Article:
Let's move on to lunch. After a long morning of meetings we sat down to a plated "luncheon" of Cesar salad, a chicken pasta with heavy cream and garlic sauce and a gigantic piece of chocolate cake. I struggled to eat the pasta dish given the richness of the sauce and the dryness of the chicken. Needless to say I skipped the cake. Nothing about the meal was nourishing. Nothing about the meal was going to give me the "fuel" or the energy necessary to stay alert in my afternoon meetings, but it was in front of me, so I ate what I could. Once again I finished with a stomach ache, feeling nauseous, unsatisfied and sluggish.

Day 2 was more of the same. Breakfast was slightly different with an offering of fruit, eggs, bacon and a selection of sugar, oil and butter loaded muffins and breads. Again, not the "fuel" I was looking for to get me through the day. I tracked down some plain oatmeal and fruit and called it good. Lunch was a slight improvement over day 1. They served a green salad that actually had tomatoes and cucumbers (hurray for veggies), mixed vegetables of carrots, squash and zucchini, a small serving of orzo, a GIGANTIC piece of chicken Parmesan and a piece of key lime pie. Again, I skipped the dessert. While slightly better than Day 1, the meal was still rich and heavy and left me with a stomach ache, feeling nauseous, unsatisfied and sluggish.

The intermittent 5 and 10 minute workouts throughout the day lifted my energy, but never did I feel at the top of my game. Never did I feel energized. Isn't that how you would hope a group of women leaders would feel during a leadership conference?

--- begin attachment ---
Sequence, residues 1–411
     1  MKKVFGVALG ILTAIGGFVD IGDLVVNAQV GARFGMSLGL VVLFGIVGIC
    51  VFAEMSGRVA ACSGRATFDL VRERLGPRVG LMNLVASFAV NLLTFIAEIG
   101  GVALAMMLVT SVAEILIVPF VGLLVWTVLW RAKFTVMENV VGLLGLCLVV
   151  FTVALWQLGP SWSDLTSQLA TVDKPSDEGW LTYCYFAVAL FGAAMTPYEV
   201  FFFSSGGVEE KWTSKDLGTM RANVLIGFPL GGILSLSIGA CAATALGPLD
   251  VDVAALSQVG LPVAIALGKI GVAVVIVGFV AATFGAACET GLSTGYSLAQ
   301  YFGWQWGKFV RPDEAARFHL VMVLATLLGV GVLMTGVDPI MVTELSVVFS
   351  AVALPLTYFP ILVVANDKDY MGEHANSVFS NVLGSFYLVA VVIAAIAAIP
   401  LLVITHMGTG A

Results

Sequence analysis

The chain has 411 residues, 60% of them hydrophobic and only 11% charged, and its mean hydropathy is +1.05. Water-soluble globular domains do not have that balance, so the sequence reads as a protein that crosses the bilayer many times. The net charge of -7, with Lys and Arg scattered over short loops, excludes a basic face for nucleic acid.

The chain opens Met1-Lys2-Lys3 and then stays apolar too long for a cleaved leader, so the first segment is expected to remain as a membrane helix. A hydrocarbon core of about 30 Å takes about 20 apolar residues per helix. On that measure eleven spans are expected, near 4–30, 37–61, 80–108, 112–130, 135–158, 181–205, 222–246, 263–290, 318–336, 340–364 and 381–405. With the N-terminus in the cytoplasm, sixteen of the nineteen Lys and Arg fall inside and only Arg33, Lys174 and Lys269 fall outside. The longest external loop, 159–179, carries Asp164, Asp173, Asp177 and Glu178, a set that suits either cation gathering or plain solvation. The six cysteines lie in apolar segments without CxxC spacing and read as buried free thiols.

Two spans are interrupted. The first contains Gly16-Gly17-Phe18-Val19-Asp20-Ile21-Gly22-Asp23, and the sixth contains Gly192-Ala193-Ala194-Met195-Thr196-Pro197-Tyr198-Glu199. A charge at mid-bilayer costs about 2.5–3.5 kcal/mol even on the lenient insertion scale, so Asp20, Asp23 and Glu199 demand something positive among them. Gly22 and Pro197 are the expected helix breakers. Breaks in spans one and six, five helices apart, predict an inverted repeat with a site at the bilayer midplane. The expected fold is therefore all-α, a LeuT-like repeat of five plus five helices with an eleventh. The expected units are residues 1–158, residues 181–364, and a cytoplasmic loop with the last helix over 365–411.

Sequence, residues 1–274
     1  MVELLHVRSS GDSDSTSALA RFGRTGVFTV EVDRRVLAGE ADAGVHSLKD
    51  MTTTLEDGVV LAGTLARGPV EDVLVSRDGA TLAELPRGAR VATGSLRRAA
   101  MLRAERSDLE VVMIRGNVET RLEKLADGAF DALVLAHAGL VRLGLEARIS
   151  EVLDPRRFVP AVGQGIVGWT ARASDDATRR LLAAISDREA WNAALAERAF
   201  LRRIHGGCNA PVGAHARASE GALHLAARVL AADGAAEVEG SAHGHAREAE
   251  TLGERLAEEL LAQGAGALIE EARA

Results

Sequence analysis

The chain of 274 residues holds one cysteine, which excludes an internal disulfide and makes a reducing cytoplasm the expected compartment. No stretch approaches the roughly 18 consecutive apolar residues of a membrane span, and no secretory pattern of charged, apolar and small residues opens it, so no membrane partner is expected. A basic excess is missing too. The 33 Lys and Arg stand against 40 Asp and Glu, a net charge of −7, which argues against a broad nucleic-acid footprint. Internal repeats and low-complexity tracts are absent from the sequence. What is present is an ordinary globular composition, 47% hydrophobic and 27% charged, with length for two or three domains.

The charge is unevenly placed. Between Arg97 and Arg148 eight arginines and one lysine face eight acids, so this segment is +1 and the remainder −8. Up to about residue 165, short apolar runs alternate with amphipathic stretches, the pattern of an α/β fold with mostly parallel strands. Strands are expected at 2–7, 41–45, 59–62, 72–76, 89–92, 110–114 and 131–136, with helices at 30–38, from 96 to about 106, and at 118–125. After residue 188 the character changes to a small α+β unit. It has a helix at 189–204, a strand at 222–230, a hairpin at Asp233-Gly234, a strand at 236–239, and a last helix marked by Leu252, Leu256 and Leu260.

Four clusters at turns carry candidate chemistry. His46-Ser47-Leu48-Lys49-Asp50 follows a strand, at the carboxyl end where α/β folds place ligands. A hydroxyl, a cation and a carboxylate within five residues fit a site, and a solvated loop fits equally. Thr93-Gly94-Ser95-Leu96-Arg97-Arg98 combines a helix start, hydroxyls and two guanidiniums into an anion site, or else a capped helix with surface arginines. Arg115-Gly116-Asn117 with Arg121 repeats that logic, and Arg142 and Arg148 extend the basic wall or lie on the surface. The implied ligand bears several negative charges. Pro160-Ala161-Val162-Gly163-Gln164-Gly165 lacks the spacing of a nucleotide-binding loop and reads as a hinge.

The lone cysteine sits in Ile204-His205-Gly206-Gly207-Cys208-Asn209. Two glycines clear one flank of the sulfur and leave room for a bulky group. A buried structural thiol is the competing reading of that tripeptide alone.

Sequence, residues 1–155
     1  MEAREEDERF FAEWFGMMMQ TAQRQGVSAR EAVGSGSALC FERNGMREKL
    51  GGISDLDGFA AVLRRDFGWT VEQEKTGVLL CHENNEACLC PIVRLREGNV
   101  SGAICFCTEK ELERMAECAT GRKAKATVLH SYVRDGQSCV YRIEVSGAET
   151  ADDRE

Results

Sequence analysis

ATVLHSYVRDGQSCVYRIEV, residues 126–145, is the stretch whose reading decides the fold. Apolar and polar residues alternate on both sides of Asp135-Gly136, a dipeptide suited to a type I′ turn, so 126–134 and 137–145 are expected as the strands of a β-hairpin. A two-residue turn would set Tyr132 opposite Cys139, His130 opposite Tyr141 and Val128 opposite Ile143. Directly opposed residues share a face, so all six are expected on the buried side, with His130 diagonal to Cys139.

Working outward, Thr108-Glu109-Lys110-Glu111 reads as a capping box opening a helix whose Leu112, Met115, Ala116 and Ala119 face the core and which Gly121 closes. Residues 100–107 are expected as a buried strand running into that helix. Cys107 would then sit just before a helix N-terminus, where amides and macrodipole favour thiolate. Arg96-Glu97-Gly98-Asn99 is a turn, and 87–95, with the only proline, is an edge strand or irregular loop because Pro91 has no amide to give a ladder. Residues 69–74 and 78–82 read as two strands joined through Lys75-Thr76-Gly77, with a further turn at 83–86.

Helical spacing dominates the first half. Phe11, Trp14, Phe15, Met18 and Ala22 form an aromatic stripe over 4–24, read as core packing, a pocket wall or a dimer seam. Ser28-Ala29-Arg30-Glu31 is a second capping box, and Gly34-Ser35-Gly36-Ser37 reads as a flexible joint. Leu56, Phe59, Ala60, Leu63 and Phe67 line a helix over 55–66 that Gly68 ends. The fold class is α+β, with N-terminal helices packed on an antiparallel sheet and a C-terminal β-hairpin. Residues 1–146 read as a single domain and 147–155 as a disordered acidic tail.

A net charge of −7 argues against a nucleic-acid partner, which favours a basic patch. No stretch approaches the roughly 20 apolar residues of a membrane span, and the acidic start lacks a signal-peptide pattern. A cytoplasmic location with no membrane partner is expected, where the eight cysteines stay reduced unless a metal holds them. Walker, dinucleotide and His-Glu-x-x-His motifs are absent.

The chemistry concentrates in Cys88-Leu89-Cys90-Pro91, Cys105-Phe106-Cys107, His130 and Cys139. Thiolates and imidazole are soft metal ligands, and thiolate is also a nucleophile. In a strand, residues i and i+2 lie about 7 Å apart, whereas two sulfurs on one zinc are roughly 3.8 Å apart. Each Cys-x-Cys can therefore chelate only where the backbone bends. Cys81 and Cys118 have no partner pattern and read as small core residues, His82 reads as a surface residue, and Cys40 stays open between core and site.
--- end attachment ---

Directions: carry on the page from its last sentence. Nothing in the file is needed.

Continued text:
Through all of these meals I couldn't help but think about Jamie Oliver's Ted Talk, about our H3K program and about AJLI's "Kids in the Kitchen". How is it that we as an organization educate kids and communities about healthy eating, yet we are not able to put these principles into action ourselves? How can we fuel our leaders with the same junk that they discourage kids in their communities from eating?

Putting on a large conference and feeding hundreds of people is no small task. I pass no judgement on the Junior League.  If anything, after this weekend, I am even more motivated now to help facilitate change not only in our own League and community but also throughout the whole organization.
Because we are an organization of smart, talented, caring and motivated women, there is so much opportunity to make a difference in the health of our members and our communities.

Interestingly enough, the lack of good "food as fuel" over the last 48 hours has fueled me to find opportunities for improvement. Big shifts in behaviors take time. They start with small steps. I'm hopeful that in our own League we can use H3K to make a positive impact on both the health of our members and of our community. I'm hopeful that with the help of barre3 and some amazingly open minded and motivated people at AJLI that there is an opportunity to make a positive impact on other Leagues and subsequently in their communities.

Start small. Dream big. Maybe Jamie Oliver wants to help?